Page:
A lot of times art conversations end up on the container level — which is to say they get very focused on technical things, like medium or style or technique. But they don’t always access the level of essence.
Really answering the core questions about life.
What is art? What is that mysterious force that bewitches inanimate objects to life?
The thing that makes paintings dance. And words jump off a page. The thing that sparks cultural revolutions and political movements.
And can uniting all of the parts of yourself be art, too?
I’ve been telling all kinds of old stories lately.
Garrett’s mom came to visit this past weekend—for the first time since December—and we told old stories.
A few weeks ago, I had another photoshoot to capture all of my traumas and triumphs—and I told the photographer old stories I’ve never told anyone but Garrett before.
Lately, I’ve been sharing myself on Instagram—telling old stories.
Stories of celebration and happiness. Stories of disappointment and despair.
Horror stories. Magic stories. Adventure stories. Love stories.
In the end, maybe all stories really are love stories.
And I’ve been thinking a lot about the power of stories. How they have this ability to encapsulate the energy of a moment. Locked in their treasure chest. To forever be reopened and re-explored any time we re-tell them.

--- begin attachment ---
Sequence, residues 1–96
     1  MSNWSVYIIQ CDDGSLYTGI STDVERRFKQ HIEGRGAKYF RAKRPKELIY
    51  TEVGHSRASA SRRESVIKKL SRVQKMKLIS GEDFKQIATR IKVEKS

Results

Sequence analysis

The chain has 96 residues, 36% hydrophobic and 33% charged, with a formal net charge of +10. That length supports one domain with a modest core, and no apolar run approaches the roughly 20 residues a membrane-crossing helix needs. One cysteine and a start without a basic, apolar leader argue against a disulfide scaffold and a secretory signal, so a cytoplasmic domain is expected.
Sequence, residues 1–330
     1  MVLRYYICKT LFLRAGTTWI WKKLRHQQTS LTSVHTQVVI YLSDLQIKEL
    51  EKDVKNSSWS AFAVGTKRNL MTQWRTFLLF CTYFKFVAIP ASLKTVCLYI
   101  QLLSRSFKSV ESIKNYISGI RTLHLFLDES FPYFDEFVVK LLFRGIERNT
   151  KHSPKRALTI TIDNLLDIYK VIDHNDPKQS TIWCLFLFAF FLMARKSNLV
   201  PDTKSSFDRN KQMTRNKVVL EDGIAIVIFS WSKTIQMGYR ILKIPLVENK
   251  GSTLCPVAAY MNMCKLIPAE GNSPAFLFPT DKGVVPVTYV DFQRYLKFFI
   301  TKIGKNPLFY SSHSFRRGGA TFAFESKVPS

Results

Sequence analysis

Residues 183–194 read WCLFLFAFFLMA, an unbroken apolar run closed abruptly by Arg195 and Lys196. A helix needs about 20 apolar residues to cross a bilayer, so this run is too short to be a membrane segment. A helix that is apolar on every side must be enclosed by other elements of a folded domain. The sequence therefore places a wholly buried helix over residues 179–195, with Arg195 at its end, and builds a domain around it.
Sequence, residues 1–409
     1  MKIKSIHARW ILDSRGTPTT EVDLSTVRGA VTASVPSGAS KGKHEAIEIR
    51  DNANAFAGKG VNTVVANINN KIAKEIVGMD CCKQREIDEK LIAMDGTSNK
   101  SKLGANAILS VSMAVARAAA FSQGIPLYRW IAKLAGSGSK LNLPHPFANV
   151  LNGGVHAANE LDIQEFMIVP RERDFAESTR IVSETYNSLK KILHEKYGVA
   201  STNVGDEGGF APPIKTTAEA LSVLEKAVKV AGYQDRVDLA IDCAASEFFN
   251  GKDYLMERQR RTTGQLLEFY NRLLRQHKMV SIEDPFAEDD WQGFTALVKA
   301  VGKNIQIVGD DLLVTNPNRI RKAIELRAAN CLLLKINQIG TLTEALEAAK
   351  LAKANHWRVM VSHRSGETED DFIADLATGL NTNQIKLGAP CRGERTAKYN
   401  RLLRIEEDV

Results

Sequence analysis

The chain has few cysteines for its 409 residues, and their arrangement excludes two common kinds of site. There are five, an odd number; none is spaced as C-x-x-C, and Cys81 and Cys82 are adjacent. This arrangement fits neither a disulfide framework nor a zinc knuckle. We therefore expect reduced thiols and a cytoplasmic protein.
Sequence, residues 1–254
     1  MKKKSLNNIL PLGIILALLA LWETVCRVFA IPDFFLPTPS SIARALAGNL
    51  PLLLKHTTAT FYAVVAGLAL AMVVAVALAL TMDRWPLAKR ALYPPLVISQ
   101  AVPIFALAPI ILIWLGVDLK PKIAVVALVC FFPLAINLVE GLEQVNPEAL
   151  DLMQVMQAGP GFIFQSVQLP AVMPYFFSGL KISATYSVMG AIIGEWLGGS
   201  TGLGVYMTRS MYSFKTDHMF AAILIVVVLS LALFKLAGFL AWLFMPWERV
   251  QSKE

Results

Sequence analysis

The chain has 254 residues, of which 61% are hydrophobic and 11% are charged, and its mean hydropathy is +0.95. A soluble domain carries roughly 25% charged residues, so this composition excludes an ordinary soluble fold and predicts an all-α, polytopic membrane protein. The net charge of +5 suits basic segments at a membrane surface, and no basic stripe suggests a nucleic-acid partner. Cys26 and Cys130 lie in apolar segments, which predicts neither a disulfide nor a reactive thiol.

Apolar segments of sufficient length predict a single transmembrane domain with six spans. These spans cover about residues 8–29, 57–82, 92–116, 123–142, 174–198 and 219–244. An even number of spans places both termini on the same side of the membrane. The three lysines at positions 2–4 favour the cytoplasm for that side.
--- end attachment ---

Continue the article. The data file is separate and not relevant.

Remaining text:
Like all great art, stories can transport us to another time and place. They can forever hold a moment in time, offering us a signpost to reflect our current growth against.
Stories can be excavational, inviting us to re-discover parts of ourselves we’ve left behind. They can be inspirational, calling us forward into the next evolution of ourselves.
There’s a kind of magic in telling old stories. Somehow, in retrospect, the dots connect just a little bit easier.
It’s why we start with stories in Sacred Branding®–especially those we’re most sensitive to. Our own traumas and triumphs. Our happiest and saddest days.
Where there’s strong emotion, there’s strong power. And, if we want to know who we are, we have to look to where we’ve been most emotional first.